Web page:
Matt Eaton's Mainline Blog– Oct 2011
Matt gives us the low-down on his autumn carping!
The fishing on Dinton hasn’t slowed up at all through the autumn. My last August session was in classic carp fishing conditions. Warm South Westerlies, cloud laden skies and a bit of drizzle. All the angling pressure was on the end of the wind but I hadn’t seen much carp activity in the area. As I was enjoying a cup of coffee with a mate, Lee, deciding whether or not to mix it with everyone else at the busy end of the lake, I saw a good carp show in the central section of the venue. Another one showed soon after followed by two more and that was enough for me. I scalded my throat as I threw the coffee down my neck and barrowed my kit to the area that I had seen the activity in.
It was difficult to know exactly which swim they were in due to the tree lined banks but it looked as though I’d judged it right when a small mirror stuck its head out in the first swim I walked into. Another showed to the right and then what looked like The Twin, the one I want to catch the most, rolled around 20yds out. It took me three or four casts to get some sort of drop on both rods and although I wasn’t entirely happy with the presentation it would do for now as I didn’t want to create disturbance during bite time.
Although I was expecting a quick chance, due to the number of carp present, nothing happened so I sorted the rods out properly during the evening. I found a couple of spots fairly close in where I could get a lead to hit bottom in the thick weed and scattered 100 Cell boilies around each spot. The following lunchtime I had to call for the boat as a fish had weeded me up on the right-hand rod and with the use of the boat a 31lb fully scaled beauty was in the net. A similar occurrence on the left-hand rod on the following day saw me holding up a stunning, mid 20, zip linear.
I missed the next week due to work and having to get the car through its MOT and then suffered a two-night blank. I just don’t think I was on the fish but couldn’t find anything to move on. I even reeled in at three in the afternoon and walked the lake until three in the morning all to no avail. I did see a couple of fish but one of those was close to where I was so I stayed put.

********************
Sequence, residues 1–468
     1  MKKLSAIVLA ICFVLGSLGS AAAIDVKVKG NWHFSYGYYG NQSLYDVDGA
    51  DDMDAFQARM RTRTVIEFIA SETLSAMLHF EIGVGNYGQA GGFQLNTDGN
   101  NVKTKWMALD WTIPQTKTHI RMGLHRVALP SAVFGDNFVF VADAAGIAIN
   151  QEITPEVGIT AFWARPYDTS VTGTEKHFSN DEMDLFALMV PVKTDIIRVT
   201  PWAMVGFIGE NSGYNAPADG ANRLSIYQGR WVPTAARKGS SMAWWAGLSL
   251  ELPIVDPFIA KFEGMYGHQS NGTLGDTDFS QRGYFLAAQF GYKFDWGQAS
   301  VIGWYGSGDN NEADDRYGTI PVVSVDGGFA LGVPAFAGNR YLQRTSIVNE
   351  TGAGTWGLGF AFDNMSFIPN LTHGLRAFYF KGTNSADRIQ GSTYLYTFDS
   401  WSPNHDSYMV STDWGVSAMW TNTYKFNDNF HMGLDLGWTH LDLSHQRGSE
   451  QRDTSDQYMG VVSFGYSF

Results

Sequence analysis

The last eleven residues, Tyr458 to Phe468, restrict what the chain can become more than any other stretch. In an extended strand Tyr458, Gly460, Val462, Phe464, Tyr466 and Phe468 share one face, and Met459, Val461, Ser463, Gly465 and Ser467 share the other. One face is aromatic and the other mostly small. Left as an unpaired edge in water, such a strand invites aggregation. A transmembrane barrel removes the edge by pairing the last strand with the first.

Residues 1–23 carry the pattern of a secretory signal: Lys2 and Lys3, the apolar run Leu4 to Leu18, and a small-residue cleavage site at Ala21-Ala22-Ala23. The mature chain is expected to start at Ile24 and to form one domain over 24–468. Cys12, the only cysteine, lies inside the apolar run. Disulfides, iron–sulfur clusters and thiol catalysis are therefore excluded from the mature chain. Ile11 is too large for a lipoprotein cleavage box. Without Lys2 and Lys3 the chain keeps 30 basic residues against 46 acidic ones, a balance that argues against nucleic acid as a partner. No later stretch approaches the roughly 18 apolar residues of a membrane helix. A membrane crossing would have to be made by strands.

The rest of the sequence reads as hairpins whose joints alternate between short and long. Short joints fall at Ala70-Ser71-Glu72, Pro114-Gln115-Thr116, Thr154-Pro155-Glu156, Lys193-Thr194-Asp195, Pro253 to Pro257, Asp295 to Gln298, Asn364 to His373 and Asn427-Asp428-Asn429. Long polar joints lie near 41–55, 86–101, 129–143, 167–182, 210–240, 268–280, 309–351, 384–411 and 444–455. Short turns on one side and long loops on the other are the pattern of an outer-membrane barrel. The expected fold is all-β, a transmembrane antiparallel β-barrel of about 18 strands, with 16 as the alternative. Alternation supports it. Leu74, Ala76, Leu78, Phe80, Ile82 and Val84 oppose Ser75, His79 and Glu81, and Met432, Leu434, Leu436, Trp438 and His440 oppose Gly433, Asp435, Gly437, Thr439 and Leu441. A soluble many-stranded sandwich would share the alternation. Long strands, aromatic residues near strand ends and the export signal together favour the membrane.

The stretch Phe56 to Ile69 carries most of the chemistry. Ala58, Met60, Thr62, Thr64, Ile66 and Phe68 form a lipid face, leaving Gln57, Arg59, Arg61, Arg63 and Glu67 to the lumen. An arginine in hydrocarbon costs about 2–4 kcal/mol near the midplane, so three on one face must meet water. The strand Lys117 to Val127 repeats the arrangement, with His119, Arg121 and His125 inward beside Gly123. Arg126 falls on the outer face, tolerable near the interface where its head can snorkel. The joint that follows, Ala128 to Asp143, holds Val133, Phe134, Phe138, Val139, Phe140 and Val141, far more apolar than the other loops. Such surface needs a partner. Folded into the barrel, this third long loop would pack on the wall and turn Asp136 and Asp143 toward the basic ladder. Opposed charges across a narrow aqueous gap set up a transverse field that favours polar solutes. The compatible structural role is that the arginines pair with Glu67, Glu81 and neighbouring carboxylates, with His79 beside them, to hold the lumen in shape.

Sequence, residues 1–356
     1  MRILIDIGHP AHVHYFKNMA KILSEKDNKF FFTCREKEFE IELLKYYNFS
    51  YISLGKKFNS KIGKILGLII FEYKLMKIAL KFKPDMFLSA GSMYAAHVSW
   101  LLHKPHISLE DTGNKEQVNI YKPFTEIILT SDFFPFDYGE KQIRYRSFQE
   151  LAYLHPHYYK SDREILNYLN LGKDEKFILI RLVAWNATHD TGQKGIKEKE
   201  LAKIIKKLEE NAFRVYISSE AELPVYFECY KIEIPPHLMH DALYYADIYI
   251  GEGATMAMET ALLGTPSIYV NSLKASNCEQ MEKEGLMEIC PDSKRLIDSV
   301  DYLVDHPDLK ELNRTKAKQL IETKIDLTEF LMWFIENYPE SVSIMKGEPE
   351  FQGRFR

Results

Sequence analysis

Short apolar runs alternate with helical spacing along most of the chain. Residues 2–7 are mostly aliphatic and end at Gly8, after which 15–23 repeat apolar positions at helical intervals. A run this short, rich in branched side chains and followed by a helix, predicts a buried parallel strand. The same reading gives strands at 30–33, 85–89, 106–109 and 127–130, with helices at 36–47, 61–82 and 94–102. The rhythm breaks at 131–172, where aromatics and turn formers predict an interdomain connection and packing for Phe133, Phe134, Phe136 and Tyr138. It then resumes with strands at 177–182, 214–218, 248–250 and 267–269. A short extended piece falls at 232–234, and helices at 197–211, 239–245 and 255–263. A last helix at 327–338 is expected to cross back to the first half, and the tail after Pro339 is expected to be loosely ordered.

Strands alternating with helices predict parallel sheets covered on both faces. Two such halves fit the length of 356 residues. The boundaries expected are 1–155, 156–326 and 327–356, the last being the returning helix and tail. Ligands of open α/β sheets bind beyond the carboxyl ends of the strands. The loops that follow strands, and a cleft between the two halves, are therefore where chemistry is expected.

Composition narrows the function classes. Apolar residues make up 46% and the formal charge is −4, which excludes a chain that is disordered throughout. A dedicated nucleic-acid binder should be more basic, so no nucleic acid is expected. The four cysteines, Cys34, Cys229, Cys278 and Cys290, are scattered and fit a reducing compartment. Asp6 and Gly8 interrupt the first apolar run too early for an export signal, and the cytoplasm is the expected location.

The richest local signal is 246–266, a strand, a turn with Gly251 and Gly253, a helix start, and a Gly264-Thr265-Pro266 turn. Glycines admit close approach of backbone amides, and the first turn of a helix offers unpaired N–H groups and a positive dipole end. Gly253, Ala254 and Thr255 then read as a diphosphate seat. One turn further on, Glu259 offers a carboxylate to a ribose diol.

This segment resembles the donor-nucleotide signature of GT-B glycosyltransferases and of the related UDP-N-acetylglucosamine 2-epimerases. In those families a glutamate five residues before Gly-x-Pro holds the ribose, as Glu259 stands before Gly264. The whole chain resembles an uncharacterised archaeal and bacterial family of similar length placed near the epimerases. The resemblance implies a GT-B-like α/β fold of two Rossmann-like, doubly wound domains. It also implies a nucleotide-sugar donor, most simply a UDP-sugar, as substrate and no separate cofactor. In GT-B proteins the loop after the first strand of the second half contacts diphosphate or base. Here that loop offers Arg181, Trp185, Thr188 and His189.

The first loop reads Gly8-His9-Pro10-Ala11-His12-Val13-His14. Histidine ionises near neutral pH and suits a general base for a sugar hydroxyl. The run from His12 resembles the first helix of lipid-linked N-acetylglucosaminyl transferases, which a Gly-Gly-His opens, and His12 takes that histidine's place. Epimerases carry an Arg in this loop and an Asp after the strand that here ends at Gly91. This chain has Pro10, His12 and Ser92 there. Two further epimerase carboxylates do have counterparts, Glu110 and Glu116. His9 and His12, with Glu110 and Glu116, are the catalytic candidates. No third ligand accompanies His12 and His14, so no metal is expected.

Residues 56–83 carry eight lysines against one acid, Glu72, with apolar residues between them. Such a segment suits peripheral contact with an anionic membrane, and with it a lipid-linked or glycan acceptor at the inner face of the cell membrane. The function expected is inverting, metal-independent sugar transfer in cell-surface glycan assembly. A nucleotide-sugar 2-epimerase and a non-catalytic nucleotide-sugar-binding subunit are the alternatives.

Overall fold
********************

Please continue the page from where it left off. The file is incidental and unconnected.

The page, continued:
I was back in the groove next time out fishing the middle area of the lake. I’d found a few fish in the same swim that I’d caught a fish called Harvey’s from and set up there but, after watching them for two days, I realised it wasn’t going to happen. They were showing over my left-hand rod and one of them was a recognisable orange colour and was responsible for the majority of the shows. I think there were probably only three individual fish present and although they were feeding I felt the chances of a pick up were slim.
A few swims further up the lake I saw a couple of stockies show along with a mid 30 Common. I moved all the kit up there and soon had one rod sorted. The other rod was proving troublesome. I’d got it fishing ok but I started seeing fish around ten yards out during the night so needed to re-do it. As I was thrashing to get a drop close to the thick marginal weed I received what appeared to be a bream bite on the other rod. I picked the rod up and felt a thump but it was all solid in the weed and there was no moving it. At first light I took to the boat with another angler and eventually landed a Mirror of 29lb 2oz.
The next trip saw a return to the Southerlies but all the anglers were on the back of it as the last few captures had been in the car park bay. Not much had been seen at the far end for a couple of weeks so, despite not seeing evidence of carp anywhere, I decided to get away from the pressure to where I was sure the fish would turn up. Over a couple of kilos of bait I managed a 29lb 2oz Common followed by a 28lb 4oz Common the following week, in similar circumstances.
I’ve had a week off, on holiday and missed out due to a dose of the flu and the number of bites that are occurring on the lake is dropping along with the temperatures but I’m going back tomorrow for a three nighter. I need to make the most of the available time before it shuts up completely for the winter.